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49 Top Tickets for Fall Entertainment

IT’S FALL—time to close up the cabin and step away from the Jet Ski. You’re going to get cultured, and we’re going to help. We’ve examined hundreds of upcoming performances and exhibitions and selected a cross-section of shows we think will engage, enlighten, and energize you over the long, cold season ahead. We’ve also profiled some of the area’s most exciting artistic personalities, ones to watch in the coming year. All you have to do is weigh the options and buy some tickets. And then take your seat.

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1 Playwright and performer Eve Ensler, author of The Vagina Monologues, never met a female body part she didn’t like discussing in public. If you find that empowering—or if you simply appreciate the fact that hardly anyone uncovers more candid and revelatory stories than Ensler—you’ll love her new show, The Good Body. Staged October 4 to 9 at the Ordway Center for the Performing Arts, it relates true tales of women from around the world who feel compelled to change their looks to fit in—from those embracing Botox to those wearing burkhas. • Call 651-224-4222 for tickets.

2 At a time when a broken nail passes for tragedy, it’s worth revisiting Sophocles’ Antigone. Against a backdrop of endless war, three people take their own lives—needlessly, it turns out—in defiance of a tyrant. Ten Thousand Things Theater Company performs this sequel to Oedipus the King November 11 to 13 at Open Book and November 18 to 20 at the Minnesota Opera Center. The company’s productions, designed to be performed in prisons and homeless shelters, should place all of us at the edge of life’s extreme emotions. • Call 612-203-9502 for tickets.

3 Penny dreadfuls, the British version of 19th-century dime novels, had far-out plots about high-seas adventure and brutal beasts. Could they get any stranger? How about having grave robbers take out small-business loans? Or throwing Queen Victoria and Professor Moriarty (Sherlock Holmes’s nemesis) into a vampire story? Done and done, in Hardcover Theater’s latest adventure in smart and playful literary adaptations, London After Midnight, which runs November 11 to 27 at the Bryant-Lake Bowl Theater. • Call 612-825-8949 for tickets.

4 You’ve seen this before: old play gets new setting several centuries removed. Fresh insights emerge (sometimes). But a handful of historical oddities make Out of Joint’s decision to set Macbeth in modern Africa, instead of its original Scottish backdrop, especially compelling. The Ugandan dictator Idi Amin, for instance, was obsessed with Scotland and even kindly offered to be its king. And the play, to be staged September 23 to October 2 at the Guthrie Lab, references the real case of a white aid worker who married an African warlord and was dubbed Lady Macbeth. Iambic pentameter never sounded scarier. • Call 612-377-2224 for tickets.

5 For nearly five years, the Plymouth Playhouse has been developing a play based on the books of Janet Letnes Martin and Suzann Nelson, co-authors of the best-selling Growing Up Lutheran. The result is the musical Church Basement Ladies, which opens September 8. Written by beloved local storyteller Jim Stowell and his wife, Jessica Zuehlke—with music by Drew Jansen, the maestro behind How to Talk Minnesotan: the Musical—the show follows four women as they organize luncheons at a rural Minnesota church in 1965, dishing up laughs and poignancy in equal measure. • Call 763-553-1600 for tickets.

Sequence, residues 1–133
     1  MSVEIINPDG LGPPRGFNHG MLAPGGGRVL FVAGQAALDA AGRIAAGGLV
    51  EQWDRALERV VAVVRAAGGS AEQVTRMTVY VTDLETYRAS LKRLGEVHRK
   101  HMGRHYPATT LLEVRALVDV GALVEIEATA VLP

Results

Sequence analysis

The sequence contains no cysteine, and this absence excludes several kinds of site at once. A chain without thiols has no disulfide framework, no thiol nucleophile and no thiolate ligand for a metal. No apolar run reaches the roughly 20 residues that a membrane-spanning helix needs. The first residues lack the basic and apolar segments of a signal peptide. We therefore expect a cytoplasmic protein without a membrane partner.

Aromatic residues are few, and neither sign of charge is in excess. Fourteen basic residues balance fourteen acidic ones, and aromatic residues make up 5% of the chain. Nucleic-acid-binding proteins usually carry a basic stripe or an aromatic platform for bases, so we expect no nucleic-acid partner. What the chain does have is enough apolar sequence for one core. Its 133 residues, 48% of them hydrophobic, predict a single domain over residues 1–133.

6 After 30 seasons, Park Square Theatre is mixing things up—with an all-Latino cast for Anna and the Tropics and an all–African American ensemble for Constant Star. But they’re starting out with the sure-fire mainstream classic You Can’t Take It with You from September 16 to October 9. Made into a memorable movie that starred James Stewart and Lionel Barrymore, this 1937 Pulitzer Prize–winning comedy pits a lovably kooky family against a clan of corporate titans in a tale of young love conquering old preconceptions and vast socioeconomic differences. • Call 651-291-7005 for tickets.

7 Cirque du Soleil is not your traditional wacka-wacka clown and sad elephant circus. But swapping animals for more acrobats has only increased the bizarro factor—Tammy Faye Baker couldn’t pull off the makeup on these contortionists, aerial dancers, and gymnasts. In their newest spectacle, Corteo, which opens September 23 in the Grand Chapiteau tent near the Walker Art Center, it’s all about clowns. Up to 90 artists will entertain each evening—and none will emerge from tiny cars. • Call 800-678-5440 for tickets and information.

8 Being a single African American woman in New York City in 1905 would be struggle enough, but Intimate Apparel’s protagonist, Esther, deals in the world of ladies’ undergarments—an, um, unmentionable career in that era, and not a great way to meet men. The show, which won last year’s Best Play honors from the New York Drama Critics’ Circle, runs September 24 to October 23 at the Guthrie Theater. It follows Esther as she searches for love, befriends a prostitute, mingles with socialites, and ultimately comes to terms with her loneliness. • Call 612-377-2224 for tickets.

9 Rodgers and Hammerstein and Irving Berlin reigned during Broadway’s golden years—the 1940s, ’50s, and early ’60s. Barbara Cook, a cabaret legend in her own right, will take you back to that time October 11 to 16 at the Ordway Center for the Performing Arts in Barbara Cook’s Broadway, a mix of musical showstoppers and tales of the old Great White Way. Named one of the “Ten Best Theatre Events of the Year” by both the Associated Press and USA Today. • Call 651-224-4222 for tickets.